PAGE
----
Tragedy that could have been
Tragedy that could have been avoided
RESIDENTS of Jama resettlement area, about 62km from Bulawayo along the Gweru Road have blamed the horrific accident involving a Pathfinder luxury bus and haulage truck that left six people dead on Saturday night on the vandalising of the highway fence by resettled people at the height of the fast-track land reform programme.
While they used the fence to secure their homesteads, the vandalism left the highway as a death trap as livestock freely stray onto the road risking the lives of thousands of passengers who use the road on a daily basis.
The Bulawayo-bound Pathfinder bus reportedly hit a cow that had strayed onto the road at around 7pm and the driver lost control resulting in a head-on collision with the truck carrying coal.
Both drivers of the bus and the haulage truck died on the spot. Dozens of passengers were injured and ferried to Mater Dei Hospital in Bulawayo which struggled to cope with the casualties.
The concerned Jama residents urged the government to urgently fence the highway off as more lives were likely to be unnecessarily lost, especially during the festive season, as the road had now become a major death trap with livestock freely wandering onto the road at night.
The highway around the same area claimed the life of National Railways of Zimbabwe boss retired air commodore Mike Karakadzai, whose vehicle also hit a cow before colliding with a truck.
Some residents who spoke to Southern Eye on condition of anonymity said people in the area stole the highway and paddock wire to fulfil their selfish needs and said security would be needed during the refencing of the road.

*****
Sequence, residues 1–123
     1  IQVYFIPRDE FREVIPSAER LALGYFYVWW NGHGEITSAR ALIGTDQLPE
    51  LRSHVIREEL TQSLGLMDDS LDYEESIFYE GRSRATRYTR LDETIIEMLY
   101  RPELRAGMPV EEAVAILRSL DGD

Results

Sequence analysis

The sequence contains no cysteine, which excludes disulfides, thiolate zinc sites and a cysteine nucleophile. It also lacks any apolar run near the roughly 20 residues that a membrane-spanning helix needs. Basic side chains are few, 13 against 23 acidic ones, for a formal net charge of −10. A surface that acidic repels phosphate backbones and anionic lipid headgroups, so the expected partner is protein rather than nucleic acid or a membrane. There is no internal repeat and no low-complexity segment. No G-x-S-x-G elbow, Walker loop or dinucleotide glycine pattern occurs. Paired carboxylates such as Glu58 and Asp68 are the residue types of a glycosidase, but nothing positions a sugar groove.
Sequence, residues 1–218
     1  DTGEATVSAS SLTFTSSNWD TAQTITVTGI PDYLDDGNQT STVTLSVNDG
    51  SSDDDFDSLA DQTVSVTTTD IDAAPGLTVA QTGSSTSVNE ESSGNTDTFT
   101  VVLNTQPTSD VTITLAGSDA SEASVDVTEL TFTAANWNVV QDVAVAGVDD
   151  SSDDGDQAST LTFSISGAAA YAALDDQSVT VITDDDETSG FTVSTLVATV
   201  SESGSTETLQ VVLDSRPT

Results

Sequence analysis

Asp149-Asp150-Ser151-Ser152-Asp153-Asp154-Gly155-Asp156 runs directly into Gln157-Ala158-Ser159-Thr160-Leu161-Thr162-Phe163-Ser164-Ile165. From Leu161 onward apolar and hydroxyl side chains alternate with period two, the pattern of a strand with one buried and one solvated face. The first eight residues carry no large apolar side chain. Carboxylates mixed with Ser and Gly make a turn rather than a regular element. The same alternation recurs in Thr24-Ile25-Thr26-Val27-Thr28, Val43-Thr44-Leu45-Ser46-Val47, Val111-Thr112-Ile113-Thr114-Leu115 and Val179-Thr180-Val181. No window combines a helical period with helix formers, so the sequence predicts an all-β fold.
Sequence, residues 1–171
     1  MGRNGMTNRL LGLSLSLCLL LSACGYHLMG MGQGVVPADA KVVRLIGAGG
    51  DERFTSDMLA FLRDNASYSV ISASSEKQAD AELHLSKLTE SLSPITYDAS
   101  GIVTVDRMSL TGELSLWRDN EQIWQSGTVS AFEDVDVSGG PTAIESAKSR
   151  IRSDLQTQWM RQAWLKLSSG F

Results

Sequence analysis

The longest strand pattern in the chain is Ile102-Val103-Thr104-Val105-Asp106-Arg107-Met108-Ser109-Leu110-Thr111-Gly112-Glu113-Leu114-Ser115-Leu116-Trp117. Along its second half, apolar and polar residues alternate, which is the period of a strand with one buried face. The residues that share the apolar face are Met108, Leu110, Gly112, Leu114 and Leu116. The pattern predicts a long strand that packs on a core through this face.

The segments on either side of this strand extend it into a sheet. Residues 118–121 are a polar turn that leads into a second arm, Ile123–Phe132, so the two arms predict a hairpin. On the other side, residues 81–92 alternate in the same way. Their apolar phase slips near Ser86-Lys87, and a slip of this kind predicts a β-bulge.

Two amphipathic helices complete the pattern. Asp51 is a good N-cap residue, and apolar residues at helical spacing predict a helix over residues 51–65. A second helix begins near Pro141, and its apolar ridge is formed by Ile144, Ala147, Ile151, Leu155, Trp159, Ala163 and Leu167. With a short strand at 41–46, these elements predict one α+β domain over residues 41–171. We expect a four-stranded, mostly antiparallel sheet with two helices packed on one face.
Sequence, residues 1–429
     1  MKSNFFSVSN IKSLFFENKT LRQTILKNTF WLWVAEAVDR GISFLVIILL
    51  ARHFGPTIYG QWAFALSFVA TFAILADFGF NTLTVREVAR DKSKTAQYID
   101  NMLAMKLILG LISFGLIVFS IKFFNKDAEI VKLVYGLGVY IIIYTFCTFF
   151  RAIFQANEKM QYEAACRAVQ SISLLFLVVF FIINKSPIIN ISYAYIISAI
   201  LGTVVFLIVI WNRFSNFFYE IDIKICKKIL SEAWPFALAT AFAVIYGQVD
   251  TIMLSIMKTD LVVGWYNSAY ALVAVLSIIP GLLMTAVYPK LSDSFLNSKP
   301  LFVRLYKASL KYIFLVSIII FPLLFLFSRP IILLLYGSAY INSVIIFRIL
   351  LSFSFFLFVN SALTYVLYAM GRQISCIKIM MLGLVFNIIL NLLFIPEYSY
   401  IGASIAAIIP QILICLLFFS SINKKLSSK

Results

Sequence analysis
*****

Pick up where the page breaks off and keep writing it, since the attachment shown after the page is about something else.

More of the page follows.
“There are some people here who stole the wire to fence their fields and now we are suffering because we cannot even control our livestock,” one villager said.
Major Thwala, a Jama village elder said there was need to fence the area to avoid accidents caused by livestock.
“If things go well, we should fence our paddocks so that our livestock does not stray onto the road and affect motorists. It is painful because we have seen about nine accidents around the same spot this year, and most of them involving cattle,” Thwala said.
“I cannot provide the exact number of people who have died in those accidents, but they are many because most vehicles involved are public transport. This area has turned into a black spot. In the meantime, we would also like to urge drivers to avoid speeding until we fence our paddocks,” Thwala said.
Another resident, Kathrine Mlotshwa, said people in the area needed to be educated about the importance of fencing paddocks as most of them were ignorant.
“People should be told the importance of fencing because most people here do not realise its significance. Many accidents have occurred in this area in a similar fashion, but people are still unconcerned when we talk about the need to fence our paddocks. After all, fencing is good for the lives of the people and livestock,” Mlotshwa said.
Motorists last month called on Transport and Infrastructural Development minister Obert Mpofu to secure the country’s major roads by erecting a fence to prevent fatal accidents involving animals before entertaining thoughts of urban tolling.
Mpofu said the government had considered the issue of fencing off the country’s major roads in its infrastructural rehabilitation project but failed to indicate when the project would kick start.
Vehicle-animal collision is prevalent in the Matabeleland region along the Beitbridge and Masvingo Highway as well as the Shangani area along the Bulawayo-Gweru Road where there are a lot of stray donkeys and cattle.